Philip Seymour Hoffman attends premiere of A Most Wanted Man at Sundance Film Festival, on January 19, 2014 Reuters

Russell Brand has condemned "extremely stupid drug laws", blaming them for the untimely death of actor Philip Seymour Hoffman.

Writing for The Guardian, Brand cites his own experiences as a recovering drug addict and chastises the media's treatment of pop stars like Miley Cyrus and Justin Beiber - who have each been in the headlines for taking drugs.

"Addiction is a mental illness around which there is a great deal of confusion," writes Brand. "Which is hugely exacerbated by the laws that criminalise drug addicts.

"People are going to use drugs; no self-respecting drug addict is even remotely deterred by prohibition. What prohibition achieves is an unregulated, criminal-controlled, sprawling, global mob-economy, where drug users, their families and society at large are all exposed to the worst conceivable version of this regrettably unavoidable problem."

He goes on to cite the "progressive and tolerant" drug laws of Portugal and Switzerland, which "have seen crime plummet and drug-related deaths significantly reduced".

"Philip Seymour Hoffman's death is a reminder," says Brand, "that addiction is indiscriminate. That it is sad, irrational and hard to understand. What it also clearly demonstrates is that we are a culture that does not know how to treat its addicts.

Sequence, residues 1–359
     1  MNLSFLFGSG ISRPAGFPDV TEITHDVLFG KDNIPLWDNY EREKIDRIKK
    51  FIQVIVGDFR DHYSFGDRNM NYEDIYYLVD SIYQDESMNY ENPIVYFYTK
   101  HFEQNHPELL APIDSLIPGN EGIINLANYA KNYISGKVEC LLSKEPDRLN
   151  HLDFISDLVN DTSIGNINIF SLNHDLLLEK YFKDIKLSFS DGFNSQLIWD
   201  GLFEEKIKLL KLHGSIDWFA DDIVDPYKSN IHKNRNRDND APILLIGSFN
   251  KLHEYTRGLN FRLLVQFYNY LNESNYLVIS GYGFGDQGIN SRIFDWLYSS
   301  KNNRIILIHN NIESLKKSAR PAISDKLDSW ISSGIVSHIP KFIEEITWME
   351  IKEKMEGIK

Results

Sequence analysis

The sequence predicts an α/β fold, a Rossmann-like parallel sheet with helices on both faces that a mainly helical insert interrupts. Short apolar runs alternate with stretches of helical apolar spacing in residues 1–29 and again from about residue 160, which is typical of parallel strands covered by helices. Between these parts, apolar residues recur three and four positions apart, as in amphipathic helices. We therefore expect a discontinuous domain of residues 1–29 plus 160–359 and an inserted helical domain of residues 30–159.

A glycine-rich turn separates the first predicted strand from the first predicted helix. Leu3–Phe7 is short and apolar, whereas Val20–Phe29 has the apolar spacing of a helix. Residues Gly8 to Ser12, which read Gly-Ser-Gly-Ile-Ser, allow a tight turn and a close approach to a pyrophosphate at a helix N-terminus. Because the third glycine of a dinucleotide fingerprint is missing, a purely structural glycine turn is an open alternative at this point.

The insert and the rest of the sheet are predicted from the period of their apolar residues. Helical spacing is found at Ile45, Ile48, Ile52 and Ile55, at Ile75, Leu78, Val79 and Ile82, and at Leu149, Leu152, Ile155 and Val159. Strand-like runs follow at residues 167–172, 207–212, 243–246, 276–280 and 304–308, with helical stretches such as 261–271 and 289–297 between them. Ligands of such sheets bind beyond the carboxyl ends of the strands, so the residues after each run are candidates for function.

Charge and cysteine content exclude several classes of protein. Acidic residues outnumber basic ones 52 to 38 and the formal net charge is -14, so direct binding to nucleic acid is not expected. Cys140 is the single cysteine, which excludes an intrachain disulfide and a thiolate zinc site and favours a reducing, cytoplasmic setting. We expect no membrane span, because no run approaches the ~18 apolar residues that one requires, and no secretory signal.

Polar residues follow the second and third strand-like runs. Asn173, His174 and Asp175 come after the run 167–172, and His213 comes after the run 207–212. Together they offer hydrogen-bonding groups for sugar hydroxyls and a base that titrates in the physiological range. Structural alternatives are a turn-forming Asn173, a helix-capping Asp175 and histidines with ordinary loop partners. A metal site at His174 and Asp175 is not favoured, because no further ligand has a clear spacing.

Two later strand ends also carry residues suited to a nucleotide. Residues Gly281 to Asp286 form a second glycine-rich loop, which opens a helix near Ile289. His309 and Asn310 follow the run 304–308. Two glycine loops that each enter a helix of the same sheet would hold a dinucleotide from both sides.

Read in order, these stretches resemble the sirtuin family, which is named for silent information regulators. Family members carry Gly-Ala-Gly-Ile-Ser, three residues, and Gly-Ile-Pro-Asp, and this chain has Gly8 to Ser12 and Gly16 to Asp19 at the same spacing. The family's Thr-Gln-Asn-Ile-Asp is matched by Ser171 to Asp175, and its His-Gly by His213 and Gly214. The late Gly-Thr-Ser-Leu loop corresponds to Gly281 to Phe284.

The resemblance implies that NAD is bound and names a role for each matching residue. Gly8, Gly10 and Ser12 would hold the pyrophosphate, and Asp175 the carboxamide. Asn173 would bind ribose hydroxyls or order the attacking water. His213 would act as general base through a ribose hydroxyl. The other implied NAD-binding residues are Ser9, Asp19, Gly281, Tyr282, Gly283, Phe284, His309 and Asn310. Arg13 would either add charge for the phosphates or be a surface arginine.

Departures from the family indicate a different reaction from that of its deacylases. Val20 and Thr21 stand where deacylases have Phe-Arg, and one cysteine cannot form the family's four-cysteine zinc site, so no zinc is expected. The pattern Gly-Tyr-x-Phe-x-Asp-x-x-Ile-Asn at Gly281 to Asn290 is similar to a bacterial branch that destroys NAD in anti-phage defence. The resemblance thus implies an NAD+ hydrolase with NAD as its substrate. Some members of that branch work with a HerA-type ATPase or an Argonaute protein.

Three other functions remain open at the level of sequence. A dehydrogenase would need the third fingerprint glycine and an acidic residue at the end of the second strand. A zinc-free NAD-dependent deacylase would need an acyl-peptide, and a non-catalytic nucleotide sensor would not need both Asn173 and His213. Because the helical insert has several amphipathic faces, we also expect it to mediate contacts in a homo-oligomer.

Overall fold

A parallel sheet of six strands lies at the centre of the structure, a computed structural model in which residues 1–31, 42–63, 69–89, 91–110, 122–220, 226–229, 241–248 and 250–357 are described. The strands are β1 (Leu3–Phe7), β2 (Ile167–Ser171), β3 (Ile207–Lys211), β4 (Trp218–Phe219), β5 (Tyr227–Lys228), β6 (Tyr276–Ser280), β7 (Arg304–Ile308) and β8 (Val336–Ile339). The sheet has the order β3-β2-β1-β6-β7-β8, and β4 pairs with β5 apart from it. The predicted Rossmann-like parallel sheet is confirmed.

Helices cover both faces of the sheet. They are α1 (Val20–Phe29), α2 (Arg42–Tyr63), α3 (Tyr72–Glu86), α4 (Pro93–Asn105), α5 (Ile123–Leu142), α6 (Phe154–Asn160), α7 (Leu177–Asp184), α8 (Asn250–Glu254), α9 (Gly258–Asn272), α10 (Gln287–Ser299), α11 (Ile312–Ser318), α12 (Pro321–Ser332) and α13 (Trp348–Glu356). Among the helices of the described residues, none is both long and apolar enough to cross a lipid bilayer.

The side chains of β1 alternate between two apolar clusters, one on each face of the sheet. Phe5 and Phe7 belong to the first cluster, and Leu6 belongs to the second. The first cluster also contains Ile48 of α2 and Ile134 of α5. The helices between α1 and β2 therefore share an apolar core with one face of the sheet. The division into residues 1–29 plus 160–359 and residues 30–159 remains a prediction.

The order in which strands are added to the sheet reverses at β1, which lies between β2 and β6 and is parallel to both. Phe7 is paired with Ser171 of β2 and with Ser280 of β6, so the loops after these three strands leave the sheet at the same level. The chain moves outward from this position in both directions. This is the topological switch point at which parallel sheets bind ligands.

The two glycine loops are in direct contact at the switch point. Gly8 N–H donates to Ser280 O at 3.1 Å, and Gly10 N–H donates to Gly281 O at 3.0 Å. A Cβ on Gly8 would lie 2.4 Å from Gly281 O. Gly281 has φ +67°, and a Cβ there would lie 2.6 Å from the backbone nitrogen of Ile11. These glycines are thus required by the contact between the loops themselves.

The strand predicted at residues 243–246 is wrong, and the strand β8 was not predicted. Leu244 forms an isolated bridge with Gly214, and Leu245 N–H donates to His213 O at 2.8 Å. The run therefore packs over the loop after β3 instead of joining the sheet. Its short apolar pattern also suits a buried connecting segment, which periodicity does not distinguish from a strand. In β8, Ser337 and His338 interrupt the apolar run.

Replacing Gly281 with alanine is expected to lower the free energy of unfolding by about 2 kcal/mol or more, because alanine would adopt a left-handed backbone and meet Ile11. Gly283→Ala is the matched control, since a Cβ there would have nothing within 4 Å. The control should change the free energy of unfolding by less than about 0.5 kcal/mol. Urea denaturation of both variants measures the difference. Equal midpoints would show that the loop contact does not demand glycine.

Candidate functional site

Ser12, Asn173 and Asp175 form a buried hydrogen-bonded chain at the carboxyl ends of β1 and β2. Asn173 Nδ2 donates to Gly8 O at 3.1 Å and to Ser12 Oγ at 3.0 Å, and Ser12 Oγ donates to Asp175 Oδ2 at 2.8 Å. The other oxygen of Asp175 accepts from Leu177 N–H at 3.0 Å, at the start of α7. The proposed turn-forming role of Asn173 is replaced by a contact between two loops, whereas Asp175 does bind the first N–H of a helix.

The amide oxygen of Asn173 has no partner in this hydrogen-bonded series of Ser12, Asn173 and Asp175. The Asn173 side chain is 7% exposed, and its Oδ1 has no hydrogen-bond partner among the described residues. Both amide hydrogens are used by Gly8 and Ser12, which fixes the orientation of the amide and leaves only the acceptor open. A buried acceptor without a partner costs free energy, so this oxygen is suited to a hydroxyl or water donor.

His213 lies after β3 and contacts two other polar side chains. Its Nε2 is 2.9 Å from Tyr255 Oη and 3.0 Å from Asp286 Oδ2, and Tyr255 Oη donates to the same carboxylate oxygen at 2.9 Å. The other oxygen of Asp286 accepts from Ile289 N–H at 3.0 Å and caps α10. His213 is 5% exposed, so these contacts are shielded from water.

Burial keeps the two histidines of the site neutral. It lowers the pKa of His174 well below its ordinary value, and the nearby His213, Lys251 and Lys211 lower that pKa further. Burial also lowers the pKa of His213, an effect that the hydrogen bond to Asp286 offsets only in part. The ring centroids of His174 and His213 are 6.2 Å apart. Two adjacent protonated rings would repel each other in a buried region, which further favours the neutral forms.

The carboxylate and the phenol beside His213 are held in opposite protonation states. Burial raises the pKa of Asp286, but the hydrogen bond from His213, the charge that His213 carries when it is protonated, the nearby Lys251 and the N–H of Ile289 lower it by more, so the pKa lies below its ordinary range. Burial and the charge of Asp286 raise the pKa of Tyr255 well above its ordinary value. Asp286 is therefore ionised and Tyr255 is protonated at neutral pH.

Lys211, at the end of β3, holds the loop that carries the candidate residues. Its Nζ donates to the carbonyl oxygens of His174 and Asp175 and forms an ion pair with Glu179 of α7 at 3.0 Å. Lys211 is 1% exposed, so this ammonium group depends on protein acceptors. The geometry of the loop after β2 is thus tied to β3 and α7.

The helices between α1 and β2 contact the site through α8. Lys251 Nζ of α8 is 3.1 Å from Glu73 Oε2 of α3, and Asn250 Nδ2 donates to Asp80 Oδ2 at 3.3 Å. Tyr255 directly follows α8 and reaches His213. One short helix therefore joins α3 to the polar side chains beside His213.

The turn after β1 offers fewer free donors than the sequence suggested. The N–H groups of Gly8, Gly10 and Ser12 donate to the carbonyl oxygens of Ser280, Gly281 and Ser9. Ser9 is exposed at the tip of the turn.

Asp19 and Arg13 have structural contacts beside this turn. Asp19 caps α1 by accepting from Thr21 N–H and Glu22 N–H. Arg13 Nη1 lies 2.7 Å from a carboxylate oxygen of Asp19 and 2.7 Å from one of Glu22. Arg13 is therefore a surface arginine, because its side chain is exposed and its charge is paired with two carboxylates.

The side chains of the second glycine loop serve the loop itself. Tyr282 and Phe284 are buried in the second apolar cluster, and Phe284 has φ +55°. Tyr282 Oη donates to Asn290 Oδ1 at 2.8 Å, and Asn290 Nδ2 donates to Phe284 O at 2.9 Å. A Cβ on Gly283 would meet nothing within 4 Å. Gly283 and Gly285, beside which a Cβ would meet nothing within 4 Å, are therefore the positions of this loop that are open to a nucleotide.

"Would Hoffman have died if this disease were not so enmeshed in stigma? If we weren't invited to believe that people who suffer from addiction deserve to suffer?"

On the subject of Beiber and Cyrus, Brand says: "We are tacitly instructed to await their demise with necrophilic sanctimony."

"The reason I am so non-judgmental of Hoffman or Bieber and so condemnatory of the pop cultural tinsel that adorns the reporting around them is that I am a drug addict in recovery, so like any drug addict I know exactly how Hoffman felt when he went back out.

"In spite of his life seeming superficially great, in spite of all the praise and accolades, in spite of all the loving friends and family, there is a predominant voice in the mind of an addict that supersedes all reason and that voice wants you dead. This voice is the unrelenting echo of an unfulfillable void."

You can read Russell Brand's article in full here.